Fort Jackson's Gabe is Hero Dog of the Year
By Jeff Wilkinson | The State (Columbia, S.C.) | Published: November 1, 2012
FORT JACKSON, S.C. — Gabe, a weapons sniffing dog at Fort Jackson who conducted 210 combat missions in Iraq, is now the American Humane Association’s Hero Dog of the Year.
The grand prize was $10,000 to support other service dogs and handlers now fighting in Afghanistan.
A secondary payoff was getting to meet Betty White during last month’s award ceremony at the Beverly Hills Hilton in Los Angeles. The ceremony will air at 8 p.m. on Nov. 8 on the Hallmark Channel.
“That was the highlight,” said Gabe’s handler, Sgt. 1st Class Charles “Chuck” Shuck. “Just to be in her presence was amazing.”
Gabe – possibly the only dog in America with more than 33,000 Facebook friends – wasn’t starstruck.
“He was just his normal self,” Shuck said. “But I did get him to bark during the standing ovation.”
Gabe represented the military against dogs in seven other categories, from police dogs to guide dogs. And the 10-year-old lab mix was lucky to be there.
He was rescued as a puppy from a Houston shelter just one day before he was to be euthanized. And he and Shuck survived in 2006 when a roadside bomb struck the vehicle they were riding in.
But the other contestants had amazing stories, as well, including Roselle, a guide dog who led her blind owner to safety from Tower One of the World Trade Center during the terrorist attacks of Sept. 11, 2001.
“When people see the stories of the other seven, you’re going to see that any of the dogs could have won this award,” Shuck said.
The grand prize brings Gabe’s winnings to $15,000. As the military category champ, Gabe already has won $5,000 for the nonprofit United States War Dog Association, which gives out “care packages” to dogs and handlers fighting in Afghanistan. There, dogs serve as trackers, find roadside bombs, locate weapons hidden in buildings and work highway check points, among other duties.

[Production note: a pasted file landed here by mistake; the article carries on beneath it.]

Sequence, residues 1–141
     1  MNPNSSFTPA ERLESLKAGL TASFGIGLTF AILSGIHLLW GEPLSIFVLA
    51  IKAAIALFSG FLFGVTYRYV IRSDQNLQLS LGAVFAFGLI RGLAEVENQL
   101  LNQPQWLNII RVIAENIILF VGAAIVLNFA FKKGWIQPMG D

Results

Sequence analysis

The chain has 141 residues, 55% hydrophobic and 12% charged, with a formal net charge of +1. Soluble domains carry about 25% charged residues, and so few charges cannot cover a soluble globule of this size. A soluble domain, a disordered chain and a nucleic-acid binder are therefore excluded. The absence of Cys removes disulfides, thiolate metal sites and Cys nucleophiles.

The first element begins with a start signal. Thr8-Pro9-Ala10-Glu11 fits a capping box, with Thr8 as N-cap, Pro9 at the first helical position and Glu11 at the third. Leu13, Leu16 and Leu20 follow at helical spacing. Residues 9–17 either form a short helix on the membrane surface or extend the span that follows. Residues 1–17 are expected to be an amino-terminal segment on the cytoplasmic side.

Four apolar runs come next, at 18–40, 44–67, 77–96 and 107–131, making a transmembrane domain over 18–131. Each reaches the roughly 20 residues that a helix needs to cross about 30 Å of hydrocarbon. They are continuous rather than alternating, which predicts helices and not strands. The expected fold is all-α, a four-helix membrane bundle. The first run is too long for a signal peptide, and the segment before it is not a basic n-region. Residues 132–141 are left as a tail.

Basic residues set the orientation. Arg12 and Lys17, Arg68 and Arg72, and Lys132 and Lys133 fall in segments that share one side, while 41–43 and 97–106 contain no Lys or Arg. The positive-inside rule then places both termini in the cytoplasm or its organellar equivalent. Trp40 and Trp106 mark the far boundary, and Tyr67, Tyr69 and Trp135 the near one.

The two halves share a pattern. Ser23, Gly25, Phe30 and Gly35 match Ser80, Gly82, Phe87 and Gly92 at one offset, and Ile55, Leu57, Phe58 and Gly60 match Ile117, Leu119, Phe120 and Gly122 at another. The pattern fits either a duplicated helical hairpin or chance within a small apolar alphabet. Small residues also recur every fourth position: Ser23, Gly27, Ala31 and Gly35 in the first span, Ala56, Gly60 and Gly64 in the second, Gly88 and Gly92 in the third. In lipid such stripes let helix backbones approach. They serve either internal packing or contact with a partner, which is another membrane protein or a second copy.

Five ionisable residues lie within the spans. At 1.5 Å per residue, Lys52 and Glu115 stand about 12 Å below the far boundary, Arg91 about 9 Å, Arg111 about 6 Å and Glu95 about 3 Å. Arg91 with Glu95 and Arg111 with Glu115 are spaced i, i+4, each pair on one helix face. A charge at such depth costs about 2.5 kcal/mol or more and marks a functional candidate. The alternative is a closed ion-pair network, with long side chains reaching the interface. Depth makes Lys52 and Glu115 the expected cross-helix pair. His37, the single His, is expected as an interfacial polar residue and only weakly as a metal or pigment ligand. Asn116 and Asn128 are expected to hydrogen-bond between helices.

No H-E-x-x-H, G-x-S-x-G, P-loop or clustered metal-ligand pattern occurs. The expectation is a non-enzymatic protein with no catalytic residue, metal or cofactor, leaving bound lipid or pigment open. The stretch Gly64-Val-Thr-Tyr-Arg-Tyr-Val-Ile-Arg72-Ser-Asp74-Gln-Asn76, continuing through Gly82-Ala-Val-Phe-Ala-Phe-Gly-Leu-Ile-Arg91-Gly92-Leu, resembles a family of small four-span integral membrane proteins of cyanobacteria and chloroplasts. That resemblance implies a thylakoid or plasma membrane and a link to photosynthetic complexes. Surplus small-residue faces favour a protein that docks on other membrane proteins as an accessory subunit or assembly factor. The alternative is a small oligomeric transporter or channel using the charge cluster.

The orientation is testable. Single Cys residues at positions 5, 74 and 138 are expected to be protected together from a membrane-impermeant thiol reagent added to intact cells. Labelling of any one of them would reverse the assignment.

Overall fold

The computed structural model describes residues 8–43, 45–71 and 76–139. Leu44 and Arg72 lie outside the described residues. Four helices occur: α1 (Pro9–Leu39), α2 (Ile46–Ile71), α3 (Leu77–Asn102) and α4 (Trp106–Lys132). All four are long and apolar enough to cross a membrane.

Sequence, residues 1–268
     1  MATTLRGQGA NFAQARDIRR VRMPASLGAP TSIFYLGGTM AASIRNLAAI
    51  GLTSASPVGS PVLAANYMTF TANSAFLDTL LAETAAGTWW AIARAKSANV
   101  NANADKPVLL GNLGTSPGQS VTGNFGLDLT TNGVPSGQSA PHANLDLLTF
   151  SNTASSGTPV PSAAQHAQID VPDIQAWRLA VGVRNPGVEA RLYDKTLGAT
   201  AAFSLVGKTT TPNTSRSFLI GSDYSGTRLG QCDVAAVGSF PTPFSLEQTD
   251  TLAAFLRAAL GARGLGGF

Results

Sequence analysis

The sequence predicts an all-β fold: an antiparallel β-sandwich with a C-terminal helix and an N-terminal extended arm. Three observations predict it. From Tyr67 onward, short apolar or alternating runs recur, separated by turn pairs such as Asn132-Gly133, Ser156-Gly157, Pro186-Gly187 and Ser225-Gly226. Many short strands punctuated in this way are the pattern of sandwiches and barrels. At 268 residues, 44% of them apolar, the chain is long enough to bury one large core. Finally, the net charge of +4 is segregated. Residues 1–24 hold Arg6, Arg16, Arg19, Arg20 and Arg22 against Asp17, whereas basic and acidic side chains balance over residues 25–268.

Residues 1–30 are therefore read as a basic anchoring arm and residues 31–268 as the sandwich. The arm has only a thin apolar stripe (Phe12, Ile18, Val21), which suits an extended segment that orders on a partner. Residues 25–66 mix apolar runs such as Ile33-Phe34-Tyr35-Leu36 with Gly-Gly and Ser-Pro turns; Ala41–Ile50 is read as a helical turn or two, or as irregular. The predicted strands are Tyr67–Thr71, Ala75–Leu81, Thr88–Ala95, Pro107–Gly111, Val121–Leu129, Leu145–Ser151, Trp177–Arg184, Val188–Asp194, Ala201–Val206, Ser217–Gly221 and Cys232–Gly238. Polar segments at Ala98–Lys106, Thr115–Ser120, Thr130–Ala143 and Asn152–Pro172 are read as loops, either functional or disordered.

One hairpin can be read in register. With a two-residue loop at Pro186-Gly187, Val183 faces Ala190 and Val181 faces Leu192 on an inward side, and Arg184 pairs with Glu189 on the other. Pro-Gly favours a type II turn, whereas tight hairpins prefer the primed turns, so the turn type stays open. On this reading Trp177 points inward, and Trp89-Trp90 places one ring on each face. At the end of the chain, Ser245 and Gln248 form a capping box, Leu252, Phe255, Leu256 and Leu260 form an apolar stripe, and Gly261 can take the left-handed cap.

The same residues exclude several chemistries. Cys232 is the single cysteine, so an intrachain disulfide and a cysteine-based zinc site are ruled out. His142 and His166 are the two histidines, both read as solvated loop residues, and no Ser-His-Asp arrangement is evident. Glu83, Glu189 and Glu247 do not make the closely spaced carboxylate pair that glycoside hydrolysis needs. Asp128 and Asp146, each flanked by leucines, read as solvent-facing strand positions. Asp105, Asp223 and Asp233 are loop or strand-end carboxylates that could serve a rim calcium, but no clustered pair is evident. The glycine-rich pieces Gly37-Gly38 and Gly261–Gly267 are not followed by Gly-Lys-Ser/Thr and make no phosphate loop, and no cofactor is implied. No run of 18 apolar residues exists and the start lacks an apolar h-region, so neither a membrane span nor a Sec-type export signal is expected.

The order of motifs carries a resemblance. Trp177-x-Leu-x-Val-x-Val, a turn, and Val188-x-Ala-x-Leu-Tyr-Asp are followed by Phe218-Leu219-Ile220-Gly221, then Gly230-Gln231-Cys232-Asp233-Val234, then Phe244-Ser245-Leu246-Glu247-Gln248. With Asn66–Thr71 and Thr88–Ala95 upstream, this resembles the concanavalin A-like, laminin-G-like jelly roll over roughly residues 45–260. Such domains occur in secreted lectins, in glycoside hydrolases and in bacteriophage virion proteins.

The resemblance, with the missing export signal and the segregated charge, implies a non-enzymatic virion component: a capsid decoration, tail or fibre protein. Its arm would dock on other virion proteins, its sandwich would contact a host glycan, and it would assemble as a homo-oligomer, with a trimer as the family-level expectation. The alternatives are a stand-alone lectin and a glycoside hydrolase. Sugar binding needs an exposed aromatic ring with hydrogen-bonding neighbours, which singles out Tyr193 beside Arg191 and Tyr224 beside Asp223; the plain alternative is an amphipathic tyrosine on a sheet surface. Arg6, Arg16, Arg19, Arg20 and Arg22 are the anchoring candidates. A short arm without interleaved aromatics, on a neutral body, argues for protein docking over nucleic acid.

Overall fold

The care packages can contain goggles and boots for the dog; ear muffs to protect their ears from loud sounds during helicopter flights, ear wash, eyewash, cooling vests and toys, said Ron Aiello, president of the New Jersey-based association.
The money will help the organization continue the care packages, find homes for retired military dogs and also help with the transportation of the adopted dogs to their new homes, Aiello said.
Through their Facebook page and public appearances, Gabe and Shuck were able to win the most votes out of about 3 million cast online in the hero dog contest and won over the celebrity judges, which included White and Whoopi Goldberg.
Shuck, now a Senior Drill Sergeant Leader at Fort Jackson’s Drill Sergeant School, said the campaign also is a way to promote adopting shelter dogs.
“He was a pound puppy,” said Shuck, 33, a Pennsylvania native and military policeman who did three tours of duty in Iraq. “It shows that you can take a dog from a shelter and with a little training it can save lives.”
Shuck of Lansford, Pa., and Gabe met in 2006 at Lackland Air Force Base in Texas – one of the military’s main working dog training facilities.
They shipped to Iraq in 2006. While there, another dog team they trained with – Cpl. Kory Weins and Cooper – were killed by a roadside bomb. They were the first dog-handler team to be killed together since Vietnam.
Although the military doesn’t release the number of dogs and handlers killed in the wars in Iraq and Afghanistan, the War Dog Association estimates the number at 60 to 70 each — with about 600 dogs presently working in Afghanistan, Aiello said.
The use of dogs has increased dramatically in the past five years, and they are credited in part for the reduction in the number of soldiers killed by roadside bombs
While in Iraq, a vehicle Shuck and Gabe were riding in was hit by a road side bomb, but they weren’t injured. They also survived a shootout with insurgents while checking an Iraqi town for weapons.
The two were stationed with field artillery units, and Gabe eventually became sensitive to the loud booms of the guns. Today Gabe, who has gone from a slim 67 pounds during his fighting days to 98 pounds in his retirement, is frightened by thunder, perhaps a bit of canine PTSD.
But even in retirement, Gabe can help his fellow dogs and handlers by winning the competition, Shuck said.
“It brings to the national stage the amazing work these dogs are doing down range,” he said.